• Build credible scenarios: Develop exercises derived from real-world threats and scenarios, otherwise the participants won’t take the program seriously. There are a few ways to do this: basing scenarios on news write-ups of real-world threats or campaigns, leveraging the knowledge of threat intelligence teams, pulling from previous cyber incidents that have impacted the company, or tapping insiders with awareness of potential gaps in the company’s security posture.
  • Get the timing right: Short exercises often fail to include any time at all for discussing lessons learned or reviewing the scenario. In practice, these exercises are more akin to simply reading the IR plan as a group, acknowledging the content of it and calling it good. IR tabletop exercises need to last at least four hours, so the team can really dig into a threat scenario, discuss it at length and then review any immediate lessons learned. While half a day seems like a long time, it’s a worthwhile investment.
  • Drive engagement: Take creative approaches to tabletop exercises to improve audience engagement and ensure participants take away the information they need to succeed should a real-life incident occur. Gamification, war gaming, building out virtual personas and using technology tools such as iPads are all effective ways to build participation. “Choose your own adventure” games and surveys can also helpful. For example, during a ransomware-themed tabletop exercise, the facilitator might post a brief survey asking the team whether or not the company should pay the ransom. Then leverage the survey results to continue the exercise.
  • Create a no-fault environment: The organizers should stay focused on teaching and training. Don’t let it to turn into a blame game. Focus on having productive conversations, problem solving as a team and making stakeholders aware of the resources that exist to help in the IR process. Collaboration and communication are key, as well as listening to the ideas and opinions of others.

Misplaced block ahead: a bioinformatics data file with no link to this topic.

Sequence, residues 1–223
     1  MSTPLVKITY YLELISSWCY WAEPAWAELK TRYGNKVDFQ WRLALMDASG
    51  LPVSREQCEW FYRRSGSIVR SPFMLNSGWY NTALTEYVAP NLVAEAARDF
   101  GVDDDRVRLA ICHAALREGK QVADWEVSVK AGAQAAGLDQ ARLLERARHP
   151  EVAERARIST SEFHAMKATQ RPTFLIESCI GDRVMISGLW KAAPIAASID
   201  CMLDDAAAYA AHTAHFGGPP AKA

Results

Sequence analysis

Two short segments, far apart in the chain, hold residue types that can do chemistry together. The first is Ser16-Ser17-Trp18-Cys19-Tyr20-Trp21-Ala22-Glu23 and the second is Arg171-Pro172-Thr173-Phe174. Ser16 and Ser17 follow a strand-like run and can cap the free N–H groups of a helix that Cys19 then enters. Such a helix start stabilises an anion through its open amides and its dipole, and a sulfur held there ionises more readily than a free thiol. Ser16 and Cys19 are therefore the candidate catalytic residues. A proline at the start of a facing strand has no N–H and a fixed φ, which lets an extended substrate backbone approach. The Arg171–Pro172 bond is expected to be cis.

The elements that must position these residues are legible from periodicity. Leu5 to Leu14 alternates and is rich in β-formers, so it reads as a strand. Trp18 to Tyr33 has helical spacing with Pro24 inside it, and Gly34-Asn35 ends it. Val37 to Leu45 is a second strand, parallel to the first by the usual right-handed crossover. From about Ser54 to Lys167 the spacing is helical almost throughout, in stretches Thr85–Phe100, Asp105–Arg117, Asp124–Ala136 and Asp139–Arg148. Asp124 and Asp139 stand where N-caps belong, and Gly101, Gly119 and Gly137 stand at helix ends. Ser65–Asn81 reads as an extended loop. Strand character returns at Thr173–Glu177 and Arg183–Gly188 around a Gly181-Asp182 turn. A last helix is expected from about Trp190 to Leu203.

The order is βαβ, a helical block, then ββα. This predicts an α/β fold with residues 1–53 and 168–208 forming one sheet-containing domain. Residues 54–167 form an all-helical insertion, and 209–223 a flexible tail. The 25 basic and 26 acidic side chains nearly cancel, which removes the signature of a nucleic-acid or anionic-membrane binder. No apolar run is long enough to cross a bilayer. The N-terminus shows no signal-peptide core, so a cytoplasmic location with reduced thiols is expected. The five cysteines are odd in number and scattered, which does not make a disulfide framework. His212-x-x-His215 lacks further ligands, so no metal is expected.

• Keep order: A big exercise with a broad audience has value but they are difficult to manage. When working with large groups of people, try to keep track of discussions, side conversations and overall “incident” communications. To overcome this challenge, ensure the facilitator maintains control of the discussion and keeps participants in their expected roles. Break-out groups and realistic incident command briefings with restrictions on who may speak also can help improve the sense of realism and limit disruptions.
  • Take notes: Appoint a designated scribe during the tabletop exercises.  Without taking notes, it’s exceedingly difficult to recount the details of the exercise and extract any lessons learned during the after-action review. Scribes should capture scenario details, develop a summary of actions taken, and document any immediate observations or opportunities for future discussion outside the exercise.

Companies today need to face that sooner or later they will experience a cyberattack. In this landscape, it’s crucial to prepare – and there’s no better way to get ready than through IR tabletop exercises. By training the organization on how to do a fast and effective IR, it can limit the amount of damage a bad actor can inflict. Start down this path by following these 10 steps.

Curtis Fechner, engineering fellow, threat management, Optiv